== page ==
The monument of Philopappos dates from 114-116 A.D. It was erected on the Hill of the Muses in honour of Gaius Julius Antiochus Philopappos, a Roman Consul who settled in Athens. It had an unusual concave marble façade on the north side, visible from the Acropolis, which was 12 meters high and contained niches with statues of Philopappos and his grandfather, Antiochus IV. A frieze depicted the arrival of Philopappos by chariot for his inauguration as Roman consul in 100 AD. Copies of the inscriptions on the façade made in the late 15th century indicate that it had remained virtually intact until then.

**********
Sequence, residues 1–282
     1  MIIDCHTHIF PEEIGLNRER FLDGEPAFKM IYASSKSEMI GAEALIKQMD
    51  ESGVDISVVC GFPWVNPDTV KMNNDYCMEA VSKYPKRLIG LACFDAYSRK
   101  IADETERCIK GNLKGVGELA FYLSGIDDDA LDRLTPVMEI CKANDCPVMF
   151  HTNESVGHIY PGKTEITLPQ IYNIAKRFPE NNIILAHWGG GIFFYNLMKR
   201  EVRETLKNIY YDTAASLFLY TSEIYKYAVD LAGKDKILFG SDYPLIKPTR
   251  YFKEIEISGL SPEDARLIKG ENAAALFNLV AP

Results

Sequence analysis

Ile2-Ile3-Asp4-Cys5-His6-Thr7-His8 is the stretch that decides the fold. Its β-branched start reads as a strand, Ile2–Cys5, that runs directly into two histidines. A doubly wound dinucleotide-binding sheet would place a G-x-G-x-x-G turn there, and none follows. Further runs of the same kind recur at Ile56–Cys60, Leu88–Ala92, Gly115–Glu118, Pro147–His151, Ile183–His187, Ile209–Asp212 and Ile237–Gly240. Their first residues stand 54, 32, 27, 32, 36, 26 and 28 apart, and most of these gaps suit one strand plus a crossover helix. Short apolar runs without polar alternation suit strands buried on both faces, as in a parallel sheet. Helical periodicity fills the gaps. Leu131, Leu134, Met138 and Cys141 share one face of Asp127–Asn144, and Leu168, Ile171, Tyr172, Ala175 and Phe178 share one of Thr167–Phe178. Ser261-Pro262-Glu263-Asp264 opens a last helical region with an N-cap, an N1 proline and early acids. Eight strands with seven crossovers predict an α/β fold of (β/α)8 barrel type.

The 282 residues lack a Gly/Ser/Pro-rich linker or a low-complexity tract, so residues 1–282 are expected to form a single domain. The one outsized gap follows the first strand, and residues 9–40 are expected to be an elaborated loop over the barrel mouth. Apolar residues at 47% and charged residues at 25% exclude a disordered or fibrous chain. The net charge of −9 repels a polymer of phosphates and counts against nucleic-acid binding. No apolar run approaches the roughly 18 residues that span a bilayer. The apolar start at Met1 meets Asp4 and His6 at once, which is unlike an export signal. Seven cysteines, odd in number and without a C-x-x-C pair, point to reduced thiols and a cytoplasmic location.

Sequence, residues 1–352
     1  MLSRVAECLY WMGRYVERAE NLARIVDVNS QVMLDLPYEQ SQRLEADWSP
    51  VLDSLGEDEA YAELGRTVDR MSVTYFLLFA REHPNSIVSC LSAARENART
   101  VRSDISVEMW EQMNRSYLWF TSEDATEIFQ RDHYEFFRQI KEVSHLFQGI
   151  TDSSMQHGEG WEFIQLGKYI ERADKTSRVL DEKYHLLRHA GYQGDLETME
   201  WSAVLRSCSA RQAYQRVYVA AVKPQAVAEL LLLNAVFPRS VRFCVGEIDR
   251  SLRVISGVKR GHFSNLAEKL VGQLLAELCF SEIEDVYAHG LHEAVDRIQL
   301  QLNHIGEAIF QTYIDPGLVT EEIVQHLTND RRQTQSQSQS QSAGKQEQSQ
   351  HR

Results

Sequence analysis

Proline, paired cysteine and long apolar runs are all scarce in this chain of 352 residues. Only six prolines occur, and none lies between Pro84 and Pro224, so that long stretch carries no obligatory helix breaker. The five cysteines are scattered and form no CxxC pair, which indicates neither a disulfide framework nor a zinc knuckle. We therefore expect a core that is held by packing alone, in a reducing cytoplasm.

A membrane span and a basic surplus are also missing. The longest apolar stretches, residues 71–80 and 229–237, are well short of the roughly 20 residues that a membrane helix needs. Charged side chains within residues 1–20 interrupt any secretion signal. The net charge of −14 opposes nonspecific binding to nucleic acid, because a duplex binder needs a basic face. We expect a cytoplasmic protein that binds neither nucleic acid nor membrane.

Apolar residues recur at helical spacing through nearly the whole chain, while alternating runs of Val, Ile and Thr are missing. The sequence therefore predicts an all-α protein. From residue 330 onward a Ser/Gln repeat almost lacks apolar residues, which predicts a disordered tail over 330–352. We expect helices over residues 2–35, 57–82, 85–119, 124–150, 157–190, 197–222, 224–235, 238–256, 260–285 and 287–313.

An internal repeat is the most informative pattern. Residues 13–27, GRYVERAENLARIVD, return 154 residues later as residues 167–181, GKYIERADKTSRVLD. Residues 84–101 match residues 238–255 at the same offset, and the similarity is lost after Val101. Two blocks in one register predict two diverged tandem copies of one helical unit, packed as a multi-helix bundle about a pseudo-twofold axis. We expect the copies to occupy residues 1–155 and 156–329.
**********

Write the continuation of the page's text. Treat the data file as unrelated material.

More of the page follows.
From this daguerreotype we see that in 1842, when Girault de Prangey was making photographs in Athens, only a fragment of the original memorial remained. It was not until 1898 that further excavations were carried out in the area of the monument and in the following year conservation work was undertaken. Visitors now see the full height of the structure on its plinth and additional parts of the façade have been reconstructed.
There is one other photograph of this building in the archive, a whole-plate study made from a similar viewpoint.